Thousands of students have taken to the streets of Asuncion to present their list of “non-negotiable” demands to the Paraguayan Ministry of Education and Science for reforms that would increase spending in the education sector.
The National Federation of Secondary Students of Paraguay is demanding more budget infrastructure, nutritional supplement, support for technical high school students as well as access to higher technical equipment, among other things.
Carlos Colarte, spokesperson for the organization stated he felt confident the authorities would listen to their demands and “fulfill their role,” although, he added, that Fenaes is prepared to continue its protests if necessary.
Students sent a strong message to Minister of Education Enrique Riera as they embarked on the third large-scale mobilization in less than a week.
Paraguay invests 3.5 percent of its GDP in education, well below the minimum 7 percent projected by the United Nations Educational, Scientific and Cultural Organization worldwide.
According to Colarte, among the list of demands are higher salaries for teachers, government financial aid for technical instruments and reinforcement of nutritional supplement in schools around the country “totally and efficiently” and not limited to the government’s pilot plan.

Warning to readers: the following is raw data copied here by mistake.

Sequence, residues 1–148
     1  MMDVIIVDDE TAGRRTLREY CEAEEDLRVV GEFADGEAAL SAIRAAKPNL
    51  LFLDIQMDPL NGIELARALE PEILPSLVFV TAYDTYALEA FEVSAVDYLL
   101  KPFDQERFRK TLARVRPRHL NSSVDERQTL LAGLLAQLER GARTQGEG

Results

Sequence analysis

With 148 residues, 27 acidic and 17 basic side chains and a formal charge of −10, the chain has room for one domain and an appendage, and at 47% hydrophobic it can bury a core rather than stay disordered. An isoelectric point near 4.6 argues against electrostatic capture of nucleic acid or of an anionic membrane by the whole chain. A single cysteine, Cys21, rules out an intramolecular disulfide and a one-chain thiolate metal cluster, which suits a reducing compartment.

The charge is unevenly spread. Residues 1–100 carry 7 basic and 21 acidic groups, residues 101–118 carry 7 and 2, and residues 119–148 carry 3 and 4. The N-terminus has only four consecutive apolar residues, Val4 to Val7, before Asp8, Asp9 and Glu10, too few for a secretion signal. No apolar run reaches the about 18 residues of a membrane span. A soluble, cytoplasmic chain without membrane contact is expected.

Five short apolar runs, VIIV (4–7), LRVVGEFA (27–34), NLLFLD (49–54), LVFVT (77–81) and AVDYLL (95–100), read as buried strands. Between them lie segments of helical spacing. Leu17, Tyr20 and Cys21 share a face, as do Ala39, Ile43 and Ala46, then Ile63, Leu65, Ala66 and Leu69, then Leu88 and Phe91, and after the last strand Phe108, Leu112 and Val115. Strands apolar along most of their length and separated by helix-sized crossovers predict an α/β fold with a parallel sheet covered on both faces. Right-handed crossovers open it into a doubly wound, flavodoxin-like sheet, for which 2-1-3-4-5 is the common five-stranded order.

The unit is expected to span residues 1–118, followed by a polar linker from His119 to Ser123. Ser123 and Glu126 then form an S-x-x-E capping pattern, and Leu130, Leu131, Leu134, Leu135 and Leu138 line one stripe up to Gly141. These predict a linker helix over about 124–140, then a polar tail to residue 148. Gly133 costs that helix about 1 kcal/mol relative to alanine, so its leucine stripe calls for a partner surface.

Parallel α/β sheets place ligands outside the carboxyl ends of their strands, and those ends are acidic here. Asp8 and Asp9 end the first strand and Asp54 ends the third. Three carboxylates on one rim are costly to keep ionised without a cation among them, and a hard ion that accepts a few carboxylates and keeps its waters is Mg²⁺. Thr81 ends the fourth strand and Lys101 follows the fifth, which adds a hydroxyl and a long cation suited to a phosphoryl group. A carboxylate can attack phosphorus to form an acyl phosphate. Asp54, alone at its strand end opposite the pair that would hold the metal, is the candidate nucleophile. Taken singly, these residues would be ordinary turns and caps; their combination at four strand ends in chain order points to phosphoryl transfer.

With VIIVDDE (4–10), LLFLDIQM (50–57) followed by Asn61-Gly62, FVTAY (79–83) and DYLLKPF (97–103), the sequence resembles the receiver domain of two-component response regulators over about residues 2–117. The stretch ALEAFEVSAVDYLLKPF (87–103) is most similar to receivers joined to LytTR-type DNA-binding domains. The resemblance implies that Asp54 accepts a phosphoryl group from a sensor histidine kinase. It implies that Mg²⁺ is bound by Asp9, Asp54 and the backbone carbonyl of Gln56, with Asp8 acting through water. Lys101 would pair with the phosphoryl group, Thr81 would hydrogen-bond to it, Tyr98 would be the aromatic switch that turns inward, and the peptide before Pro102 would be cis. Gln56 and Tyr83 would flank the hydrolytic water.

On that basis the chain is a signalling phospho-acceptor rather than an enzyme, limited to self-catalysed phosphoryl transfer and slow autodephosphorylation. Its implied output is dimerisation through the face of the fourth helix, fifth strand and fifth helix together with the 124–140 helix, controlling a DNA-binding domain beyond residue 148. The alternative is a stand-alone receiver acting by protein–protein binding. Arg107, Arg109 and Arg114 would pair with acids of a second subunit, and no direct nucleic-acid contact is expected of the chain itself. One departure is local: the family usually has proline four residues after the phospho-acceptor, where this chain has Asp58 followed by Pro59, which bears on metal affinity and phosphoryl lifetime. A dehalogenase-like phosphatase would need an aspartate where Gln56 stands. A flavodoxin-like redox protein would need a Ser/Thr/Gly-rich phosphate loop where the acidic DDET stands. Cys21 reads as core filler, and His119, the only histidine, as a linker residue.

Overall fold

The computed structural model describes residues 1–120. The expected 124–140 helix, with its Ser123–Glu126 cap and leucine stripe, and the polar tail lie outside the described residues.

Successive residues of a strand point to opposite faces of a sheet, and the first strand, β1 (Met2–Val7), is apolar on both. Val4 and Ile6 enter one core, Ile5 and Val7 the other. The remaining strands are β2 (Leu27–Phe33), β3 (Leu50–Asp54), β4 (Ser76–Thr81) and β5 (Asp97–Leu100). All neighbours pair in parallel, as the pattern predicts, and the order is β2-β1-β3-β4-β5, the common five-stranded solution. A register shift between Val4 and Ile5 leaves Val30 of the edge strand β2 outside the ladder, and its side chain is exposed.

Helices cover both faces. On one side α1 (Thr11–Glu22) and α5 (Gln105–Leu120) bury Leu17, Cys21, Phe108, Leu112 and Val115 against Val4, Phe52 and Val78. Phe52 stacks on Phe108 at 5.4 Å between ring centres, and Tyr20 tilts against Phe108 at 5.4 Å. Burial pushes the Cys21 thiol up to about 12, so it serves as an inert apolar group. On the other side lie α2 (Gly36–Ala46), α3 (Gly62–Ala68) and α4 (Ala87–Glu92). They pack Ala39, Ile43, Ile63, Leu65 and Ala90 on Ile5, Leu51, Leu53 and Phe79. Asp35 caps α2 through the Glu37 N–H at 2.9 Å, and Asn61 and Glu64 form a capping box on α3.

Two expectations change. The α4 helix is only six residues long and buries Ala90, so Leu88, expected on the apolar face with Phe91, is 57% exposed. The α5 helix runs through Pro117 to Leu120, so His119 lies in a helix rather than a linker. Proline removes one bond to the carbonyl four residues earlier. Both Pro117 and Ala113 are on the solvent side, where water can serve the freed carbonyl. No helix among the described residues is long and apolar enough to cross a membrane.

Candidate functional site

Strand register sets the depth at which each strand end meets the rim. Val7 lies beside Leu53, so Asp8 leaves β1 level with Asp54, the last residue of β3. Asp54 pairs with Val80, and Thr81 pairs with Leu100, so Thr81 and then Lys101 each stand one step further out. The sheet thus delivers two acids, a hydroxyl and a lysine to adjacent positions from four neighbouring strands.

Schools across the nation are in desperate need of renovations and better technology, Fenaes member Johana Romero said, adding that “there must be money for the most urgent matters.
“That was a point of controversy because some said: 'How are we going to have tablets and not ceilings?' But we will not accept tablets in schools that are falling apart because it is a matter of priorities,” Romero said, adding that for the state it may be cheaper to buy tablets than fix up debilitating schools.
Additionally, the demand for nutritional supplement is based on an article in Paraguay's Constitution which requires the government to promote meal programs and supply schools with the necessary supplies.
Students are taking the requirement a step further, demanding the state not just promote, but enforce guaranteed breakfast, lunch, snack and dinner for students at all schools and colleges in the country.
Last week, students held a 48-hour strike, with more than 120 schools marching through the streets, demanding the reforms.
"Too many failures exist in education, if we do not mobilize, we will not be heard," said Ruth Martinez, a spokeswoman for the National Union of Student Centers in Paraguay during other last week's protests.
Teachers held their own separate strike Thursday, demanding a salary increase of 32 percent.
The teachers rejected the proposal of the government of President Horacio Cartes of a gradual pay increase of 8 percent for people who have been working in education for more than 20 years. Those who have less seniority will only get 5 percent.